After the death of King Chulalongkorn in 1910, the relationship with his successor King Vajiravudh
was less productive. Prince Damrong finally resigned in 1915 from his post at the ministry, officially due to health problems, since otherwise the resignation would have looked like an affront to the monarch
During the brief reign of King Prajadhipok
, the prince proposed that the king found the Royal Institute, mainly to look after the National Library and the museums. He became the first president of the Royal Institute of Thailand
. He was given the title ''Somdet Phra Chao Borommawong Thoe Krom Phraya Damrong Rajanubhab'' by King Prajadhipok in recognition to his work. This became the name by which he is generally known.
In the following years, Damrong worked as a self-educated historian, as well as writing books on Thai literature, culture and arts. Out of his works grew the National Library
, as well as the National Museum
. He is considered the father of Thai history. The "Damrong school" has been characterized by Thai historian Nithi Aeusrivongse as combining "the legacy of the royal chronicle with history as written in the West during the nineteenth century, creating a royal/national history to serve the modern Thai state under the absolute monarchy." Although foundational to Thai history, his work is now often seen as overly nationalistic and exclusive of marginalized actors.
Being one of the main apologists for absolute monarchy
, after the Siamese revolution of 1932
which introduced Constitutional monarchy
in the kingdom, Damrong was exiled to Penang
in British Malaysia
. In 1942, after the old establishment
had substantially regained power from the 1932 reformists, he was allowed to return to Bangkok, where he died one year later.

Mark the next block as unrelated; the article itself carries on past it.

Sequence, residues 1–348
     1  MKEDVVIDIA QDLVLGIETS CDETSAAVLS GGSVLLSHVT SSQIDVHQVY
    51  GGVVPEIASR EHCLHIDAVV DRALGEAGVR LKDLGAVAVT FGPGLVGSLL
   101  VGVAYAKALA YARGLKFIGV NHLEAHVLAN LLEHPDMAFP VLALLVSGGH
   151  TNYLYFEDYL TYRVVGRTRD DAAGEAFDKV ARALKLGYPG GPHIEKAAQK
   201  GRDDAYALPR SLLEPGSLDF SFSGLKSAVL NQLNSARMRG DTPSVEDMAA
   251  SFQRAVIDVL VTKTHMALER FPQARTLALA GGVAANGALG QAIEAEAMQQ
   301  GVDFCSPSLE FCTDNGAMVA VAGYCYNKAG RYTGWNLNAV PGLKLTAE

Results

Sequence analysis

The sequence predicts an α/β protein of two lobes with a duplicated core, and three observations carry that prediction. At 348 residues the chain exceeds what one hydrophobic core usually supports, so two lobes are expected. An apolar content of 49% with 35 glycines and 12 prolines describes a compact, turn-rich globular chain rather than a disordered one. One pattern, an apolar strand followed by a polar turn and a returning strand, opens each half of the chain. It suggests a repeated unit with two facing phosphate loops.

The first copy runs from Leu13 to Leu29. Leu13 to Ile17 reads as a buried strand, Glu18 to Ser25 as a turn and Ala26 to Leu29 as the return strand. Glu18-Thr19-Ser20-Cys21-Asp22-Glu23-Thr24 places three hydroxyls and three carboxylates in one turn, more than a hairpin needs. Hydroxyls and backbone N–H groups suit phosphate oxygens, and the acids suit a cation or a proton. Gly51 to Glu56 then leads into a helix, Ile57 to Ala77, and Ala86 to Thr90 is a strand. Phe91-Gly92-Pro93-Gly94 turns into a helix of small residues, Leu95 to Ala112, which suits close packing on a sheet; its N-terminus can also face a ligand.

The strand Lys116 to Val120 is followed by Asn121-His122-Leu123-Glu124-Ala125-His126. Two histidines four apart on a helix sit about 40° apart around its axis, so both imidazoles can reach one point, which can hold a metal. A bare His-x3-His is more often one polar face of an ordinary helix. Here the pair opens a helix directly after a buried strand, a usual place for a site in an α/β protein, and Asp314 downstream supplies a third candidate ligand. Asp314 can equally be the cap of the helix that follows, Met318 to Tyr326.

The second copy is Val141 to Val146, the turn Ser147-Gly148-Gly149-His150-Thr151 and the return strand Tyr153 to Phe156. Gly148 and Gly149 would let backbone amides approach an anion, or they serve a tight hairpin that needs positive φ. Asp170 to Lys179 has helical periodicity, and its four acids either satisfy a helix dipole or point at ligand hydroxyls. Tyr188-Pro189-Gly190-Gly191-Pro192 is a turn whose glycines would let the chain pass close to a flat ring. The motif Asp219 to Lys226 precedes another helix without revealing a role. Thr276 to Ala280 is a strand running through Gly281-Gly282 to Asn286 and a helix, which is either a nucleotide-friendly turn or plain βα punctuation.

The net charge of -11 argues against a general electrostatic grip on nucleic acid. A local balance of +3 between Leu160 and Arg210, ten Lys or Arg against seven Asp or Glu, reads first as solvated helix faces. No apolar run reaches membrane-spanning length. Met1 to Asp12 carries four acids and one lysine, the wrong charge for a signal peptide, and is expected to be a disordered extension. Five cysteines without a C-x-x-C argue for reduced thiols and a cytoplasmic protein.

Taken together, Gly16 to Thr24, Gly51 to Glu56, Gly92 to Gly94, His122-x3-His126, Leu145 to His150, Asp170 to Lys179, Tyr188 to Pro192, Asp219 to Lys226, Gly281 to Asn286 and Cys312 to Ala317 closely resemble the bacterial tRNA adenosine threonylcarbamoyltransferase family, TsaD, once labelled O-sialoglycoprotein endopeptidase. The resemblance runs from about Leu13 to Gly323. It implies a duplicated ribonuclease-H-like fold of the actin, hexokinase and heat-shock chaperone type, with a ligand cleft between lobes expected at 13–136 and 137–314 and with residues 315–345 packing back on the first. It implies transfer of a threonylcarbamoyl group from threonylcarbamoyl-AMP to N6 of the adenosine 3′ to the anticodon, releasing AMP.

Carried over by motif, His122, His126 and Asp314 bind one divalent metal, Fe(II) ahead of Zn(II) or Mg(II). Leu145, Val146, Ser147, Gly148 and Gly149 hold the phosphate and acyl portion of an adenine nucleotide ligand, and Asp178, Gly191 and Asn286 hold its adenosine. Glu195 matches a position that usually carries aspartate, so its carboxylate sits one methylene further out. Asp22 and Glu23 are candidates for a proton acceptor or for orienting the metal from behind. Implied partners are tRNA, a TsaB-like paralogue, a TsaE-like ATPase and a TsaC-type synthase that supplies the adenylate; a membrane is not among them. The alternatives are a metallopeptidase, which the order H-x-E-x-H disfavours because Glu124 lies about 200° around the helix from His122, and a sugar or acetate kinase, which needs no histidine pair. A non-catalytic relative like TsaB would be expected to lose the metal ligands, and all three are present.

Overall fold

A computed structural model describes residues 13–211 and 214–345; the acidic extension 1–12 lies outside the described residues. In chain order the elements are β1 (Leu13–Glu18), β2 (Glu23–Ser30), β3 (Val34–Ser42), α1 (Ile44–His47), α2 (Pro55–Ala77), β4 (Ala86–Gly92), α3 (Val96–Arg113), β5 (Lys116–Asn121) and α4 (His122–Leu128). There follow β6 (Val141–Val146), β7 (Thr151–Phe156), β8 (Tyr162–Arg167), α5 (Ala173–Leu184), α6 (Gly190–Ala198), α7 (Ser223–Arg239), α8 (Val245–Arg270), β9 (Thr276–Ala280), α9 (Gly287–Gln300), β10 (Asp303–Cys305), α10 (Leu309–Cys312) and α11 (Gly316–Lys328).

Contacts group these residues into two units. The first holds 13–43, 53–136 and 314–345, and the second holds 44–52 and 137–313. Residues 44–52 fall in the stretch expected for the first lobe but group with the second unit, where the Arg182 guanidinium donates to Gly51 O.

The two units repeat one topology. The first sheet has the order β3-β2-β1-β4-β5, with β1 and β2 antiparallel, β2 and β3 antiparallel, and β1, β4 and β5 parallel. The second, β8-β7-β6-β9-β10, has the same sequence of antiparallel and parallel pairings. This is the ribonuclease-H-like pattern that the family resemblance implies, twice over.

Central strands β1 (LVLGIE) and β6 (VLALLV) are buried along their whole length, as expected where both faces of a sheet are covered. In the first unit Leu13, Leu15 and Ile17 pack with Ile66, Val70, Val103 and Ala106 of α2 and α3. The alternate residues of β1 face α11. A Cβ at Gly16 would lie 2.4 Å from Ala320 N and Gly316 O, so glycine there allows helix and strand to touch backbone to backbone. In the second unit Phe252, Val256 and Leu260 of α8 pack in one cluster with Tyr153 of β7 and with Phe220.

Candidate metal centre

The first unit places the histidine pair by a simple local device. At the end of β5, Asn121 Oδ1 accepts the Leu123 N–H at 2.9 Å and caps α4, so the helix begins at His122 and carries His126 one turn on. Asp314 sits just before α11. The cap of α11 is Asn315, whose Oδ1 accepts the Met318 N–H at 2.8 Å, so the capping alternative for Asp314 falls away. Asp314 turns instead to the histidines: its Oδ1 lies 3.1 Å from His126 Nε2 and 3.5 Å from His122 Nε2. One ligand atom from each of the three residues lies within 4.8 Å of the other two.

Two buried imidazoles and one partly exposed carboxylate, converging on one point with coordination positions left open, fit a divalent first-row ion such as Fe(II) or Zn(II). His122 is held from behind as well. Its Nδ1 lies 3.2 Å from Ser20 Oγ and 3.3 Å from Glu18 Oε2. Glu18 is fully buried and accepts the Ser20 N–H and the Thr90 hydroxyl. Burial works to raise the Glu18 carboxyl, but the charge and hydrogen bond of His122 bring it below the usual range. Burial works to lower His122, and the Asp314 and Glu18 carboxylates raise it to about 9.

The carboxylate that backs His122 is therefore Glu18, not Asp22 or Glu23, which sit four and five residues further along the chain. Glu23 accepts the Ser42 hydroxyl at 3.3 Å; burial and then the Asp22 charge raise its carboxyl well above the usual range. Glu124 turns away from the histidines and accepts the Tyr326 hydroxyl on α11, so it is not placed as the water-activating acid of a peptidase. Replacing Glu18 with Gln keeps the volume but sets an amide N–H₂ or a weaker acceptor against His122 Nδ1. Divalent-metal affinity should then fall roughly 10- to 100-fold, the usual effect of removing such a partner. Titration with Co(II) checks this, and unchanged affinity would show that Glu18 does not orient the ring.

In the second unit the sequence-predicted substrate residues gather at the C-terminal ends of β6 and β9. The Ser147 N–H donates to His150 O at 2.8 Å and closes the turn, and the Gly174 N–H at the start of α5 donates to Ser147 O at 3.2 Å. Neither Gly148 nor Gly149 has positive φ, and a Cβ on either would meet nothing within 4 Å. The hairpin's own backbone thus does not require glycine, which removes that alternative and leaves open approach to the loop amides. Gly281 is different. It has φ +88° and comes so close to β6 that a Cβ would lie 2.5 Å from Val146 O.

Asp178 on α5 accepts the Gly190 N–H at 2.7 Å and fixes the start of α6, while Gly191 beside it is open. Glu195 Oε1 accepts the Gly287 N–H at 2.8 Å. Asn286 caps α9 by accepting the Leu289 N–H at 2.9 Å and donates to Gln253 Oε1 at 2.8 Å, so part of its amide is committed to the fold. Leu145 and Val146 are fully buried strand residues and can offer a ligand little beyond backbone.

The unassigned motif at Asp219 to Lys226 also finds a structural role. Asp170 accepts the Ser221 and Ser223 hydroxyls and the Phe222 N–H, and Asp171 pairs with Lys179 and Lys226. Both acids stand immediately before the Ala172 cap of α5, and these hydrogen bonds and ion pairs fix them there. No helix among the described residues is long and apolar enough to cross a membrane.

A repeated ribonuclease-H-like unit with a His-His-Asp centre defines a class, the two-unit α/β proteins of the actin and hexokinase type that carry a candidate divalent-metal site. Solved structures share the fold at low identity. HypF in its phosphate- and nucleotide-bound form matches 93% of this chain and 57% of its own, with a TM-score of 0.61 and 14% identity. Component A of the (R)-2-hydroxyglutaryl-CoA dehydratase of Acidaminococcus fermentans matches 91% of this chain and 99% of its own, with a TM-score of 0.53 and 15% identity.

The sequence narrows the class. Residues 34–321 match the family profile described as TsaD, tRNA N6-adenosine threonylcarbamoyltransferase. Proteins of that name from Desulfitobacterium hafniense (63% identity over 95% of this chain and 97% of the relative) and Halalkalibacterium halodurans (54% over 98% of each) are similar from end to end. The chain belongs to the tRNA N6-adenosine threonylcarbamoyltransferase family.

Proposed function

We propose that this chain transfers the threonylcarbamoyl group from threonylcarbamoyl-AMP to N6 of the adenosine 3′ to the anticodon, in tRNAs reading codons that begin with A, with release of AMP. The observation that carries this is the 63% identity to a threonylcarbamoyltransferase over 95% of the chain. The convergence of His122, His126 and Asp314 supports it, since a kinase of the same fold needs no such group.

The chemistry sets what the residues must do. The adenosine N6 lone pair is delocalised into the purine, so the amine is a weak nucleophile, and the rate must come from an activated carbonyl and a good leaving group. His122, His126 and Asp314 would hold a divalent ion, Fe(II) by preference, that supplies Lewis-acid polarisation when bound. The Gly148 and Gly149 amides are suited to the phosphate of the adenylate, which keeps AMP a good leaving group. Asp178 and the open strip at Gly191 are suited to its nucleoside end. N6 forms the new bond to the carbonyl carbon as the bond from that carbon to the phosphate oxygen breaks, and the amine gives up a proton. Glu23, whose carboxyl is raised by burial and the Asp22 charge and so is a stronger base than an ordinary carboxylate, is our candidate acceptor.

Prince Damrong is credited as the father of Thai history, the education system, the health system (the Ministry of Health was originally a department of the Ministry of the Interior) and the provincial administration. He also had a major role in crafting Bangkok's anti-democratic state ideology of "Thainess".
On the 1962 centenary of his birth, he became the first Thai to be included in the UNESCO
list of the world's most distinguished persons. On 28 November 2001, to honour the contributions the prince made to the country, the government declared that 1 December would thereafter be known as "Damrong Rajanupab Day".
His many descendants use the royal surname ''Tisakula'' ( th|ดิศกุล.)
Prince Damrong wrote countless books and articles, of which only a few are available in English translation:
*''Our Wars with the Burmese: Thai-Burmese Conflict 1539–1767'',
*''Journey through Burma in 1936: A View of the Culture, History and Institutions'',
*''Stories of Archeology: A Collection of True Stories, (Title in Thai:นิทานโบราณคดี)'',
* for which Prince Damrong offered advice and images
Prince Damrong received these honours and medals from the Honours System
Knight of the Order of the Royal House of Chakri
Knight of the Order of the Nine Gems
** Knight Grand Cordon(Special Class) of the Order of Chula Chom Klao